Riffle died January 3, 2013 while in Hawaii, a place I think he considered a bit of heaven on earth. Before his health began to slip he would joke about his regular pilgrimages to the land of sun and balmy breezes to play golf. For many years in an around his beloved golf he took good care of the faithful at Boise’s St. John’s Cathedral. Most Catholics considered Riffle’s homilies better – and his jokes spicier – than they had any right to expect from a Church that places a premium on doctrine often at the expense of a coherent message to its people. Riffle always had a message. I never saw him use a note, an index card or a script. He’d walk down from his chair at the appointed time, place his glasses gently on the alter and talk directly to me and to the several hundred folks who it often seemed came mostly to hear him preach. The guy was a remarkable communicator and one of the best speakers I have ever heard. After a Riffle homily, I’ve often thought that the Church should have set him up as a homily coach for young priests. Father Don was the best.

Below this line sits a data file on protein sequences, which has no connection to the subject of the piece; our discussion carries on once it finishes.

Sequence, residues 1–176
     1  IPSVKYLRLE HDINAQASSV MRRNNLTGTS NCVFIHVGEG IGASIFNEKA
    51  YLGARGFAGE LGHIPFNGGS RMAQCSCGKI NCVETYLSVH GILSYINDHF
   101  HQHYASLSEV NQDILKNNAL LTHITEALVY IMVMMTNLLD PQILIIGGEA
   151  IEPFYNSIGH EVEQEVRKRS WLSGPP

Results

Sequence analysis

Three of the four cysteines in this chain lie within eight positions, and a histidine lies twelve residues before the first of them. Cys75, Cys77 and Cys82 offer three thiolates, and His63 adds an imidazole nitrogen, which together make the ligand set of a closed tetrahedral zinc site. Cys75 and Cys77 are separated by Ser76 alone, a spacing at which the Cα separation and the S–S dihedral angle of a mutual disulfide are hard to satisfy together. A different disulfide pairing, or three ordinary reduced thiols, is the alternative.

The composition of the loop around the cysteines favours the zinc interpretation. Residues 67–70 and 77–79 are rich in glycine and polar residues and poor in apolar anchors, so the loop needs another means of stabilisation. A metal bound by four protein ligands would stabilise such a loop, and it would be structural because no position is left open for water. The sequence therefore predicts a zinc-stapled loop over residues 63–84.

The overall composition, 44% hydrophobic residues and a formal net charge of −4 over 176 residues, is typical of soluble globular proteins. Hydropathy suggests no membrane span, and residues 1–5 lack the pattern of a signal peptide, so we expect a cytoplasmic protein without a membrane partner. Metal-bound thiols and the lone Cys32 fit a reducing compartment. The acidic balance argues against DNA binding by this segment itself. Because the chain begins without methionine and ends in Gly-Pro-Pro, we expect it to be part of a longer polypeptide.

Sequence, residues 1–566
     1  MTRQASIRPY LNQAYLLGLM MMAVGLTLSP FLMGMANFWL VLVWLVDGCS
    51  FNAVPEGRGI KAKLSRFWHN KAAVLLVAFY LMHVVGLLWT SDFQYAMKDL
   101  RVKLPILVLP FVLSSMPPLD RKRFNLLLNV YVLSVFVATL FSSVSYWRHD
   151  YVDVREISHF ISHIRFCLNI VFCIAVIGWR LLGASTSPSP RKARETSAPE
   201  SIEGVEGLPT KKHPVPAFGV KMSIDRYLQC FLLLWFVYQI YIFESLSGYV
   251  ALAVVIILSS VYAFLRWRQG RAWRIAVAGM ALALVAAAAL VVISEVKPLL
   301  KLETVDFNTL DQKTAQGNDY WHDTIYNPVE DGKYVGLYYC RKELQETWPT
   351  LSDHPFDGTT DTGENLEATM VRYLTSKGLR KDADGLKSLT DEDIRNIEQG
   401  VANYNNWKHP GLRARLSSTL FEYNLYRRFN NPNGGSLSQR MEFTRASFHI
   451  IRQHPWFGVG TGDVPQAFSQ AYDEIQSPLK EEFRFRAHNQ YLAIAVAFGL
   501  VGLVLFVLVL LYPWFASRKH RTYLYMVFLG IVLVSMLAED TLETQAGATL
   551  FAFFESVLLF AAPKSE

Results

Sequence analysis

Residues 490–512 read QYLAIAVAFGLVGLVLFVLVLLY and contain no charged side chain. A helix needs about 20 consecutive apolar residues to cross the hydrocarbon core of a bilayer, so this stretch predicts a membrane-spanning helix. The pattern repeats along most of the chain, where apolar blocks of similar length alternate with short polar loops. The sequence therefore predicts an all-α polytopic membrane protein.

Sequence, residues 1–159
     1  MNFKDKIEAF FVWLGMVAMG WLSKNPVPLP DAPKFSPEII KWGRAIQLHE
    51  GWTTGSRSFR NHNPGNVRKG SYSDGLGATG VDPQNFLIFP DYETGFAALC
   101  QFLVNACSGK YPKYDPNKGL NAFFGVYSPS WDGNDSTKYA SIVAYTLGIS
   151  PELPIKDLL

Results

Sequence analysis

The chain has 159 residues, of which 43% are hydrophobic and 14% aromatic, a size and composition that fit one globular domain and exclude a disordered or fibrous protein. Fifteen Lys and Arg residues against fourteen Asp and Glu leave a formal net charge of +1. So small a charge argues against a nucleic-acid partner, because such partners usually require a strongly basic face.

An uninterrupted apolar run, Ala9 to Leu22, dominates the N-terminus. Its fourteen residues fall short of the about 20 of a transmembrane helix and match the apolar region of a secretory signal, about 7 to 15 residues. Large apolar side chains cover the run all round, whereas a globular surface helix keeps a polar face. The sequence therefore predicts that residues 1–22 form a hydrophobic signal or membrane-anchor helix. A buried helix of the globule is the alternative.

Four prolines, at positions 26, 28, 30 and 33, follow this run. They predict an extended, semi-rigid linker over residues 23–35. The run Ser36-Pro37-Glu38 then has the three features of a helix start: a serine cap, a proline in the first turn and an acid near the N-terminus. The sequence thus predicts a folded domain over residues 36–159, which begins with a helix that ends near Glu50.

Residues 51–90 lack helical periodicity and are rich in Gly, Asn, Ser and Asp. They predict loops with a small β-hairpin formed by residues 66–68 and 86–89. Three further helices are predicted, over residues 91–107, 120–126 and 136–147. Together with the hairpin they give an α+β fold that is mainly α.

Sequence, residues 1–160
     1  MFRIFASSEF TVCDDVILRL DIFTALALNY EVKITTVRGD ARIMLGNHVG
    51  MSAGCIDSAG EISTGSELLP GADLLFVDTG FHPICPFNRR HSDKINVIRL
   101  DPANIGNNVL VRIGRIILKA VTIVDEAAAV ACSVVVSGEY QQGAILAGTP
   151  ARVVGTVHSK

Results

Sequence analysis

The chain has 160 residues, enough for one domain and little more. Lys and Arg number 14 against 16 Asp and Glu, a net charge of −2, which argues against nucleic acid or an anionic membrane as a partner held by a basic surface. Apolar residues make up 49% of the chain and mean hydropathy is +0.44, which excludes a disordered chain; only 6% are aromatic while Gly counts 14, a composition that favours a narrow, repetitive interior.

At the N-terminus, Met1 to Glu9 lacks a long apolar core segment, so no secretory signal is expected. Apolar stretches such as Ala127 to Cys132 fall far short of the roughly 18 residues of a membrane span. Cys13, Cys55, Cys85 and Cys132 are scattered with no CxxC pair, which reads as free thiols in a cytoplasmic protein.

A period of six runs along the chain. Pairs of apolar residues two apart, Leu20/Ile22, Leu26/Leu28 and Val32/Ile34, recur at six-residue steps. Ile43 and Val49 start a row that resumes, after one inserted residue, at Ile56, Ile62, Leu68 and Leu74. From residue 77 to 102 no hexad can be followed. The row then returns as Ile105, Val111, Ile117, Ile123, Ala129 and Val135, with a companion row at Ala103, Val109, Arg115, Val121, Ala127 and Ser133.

Father Riffle also had a remarkable facility for remembering names and after a service he would stand at the door shaking hands, hugging and calling everyone – everyone – by their first names. I remember when our oldest son was in grade school and would accompany us to Mass, Riffle would thank him for bringing the old folks to Church. He had a soft heart for Bishop Kelly High School and the Fighting Irish of Notre Dame. He was known to cut the Mass short if an important football game might conflict with an overly long service.

It’s worth a confession to admit that a major reason I converted to the Catholic faith many years ago is because of Don Riffle. He was skeptical at first that I was serious and I think always harbored a little doubt that a former Methodist could really make it. Yet his was a warm, but challenging kind of faith. The kind of faith that acknowledged that for most of us every day is a struggle but that you must keep trying.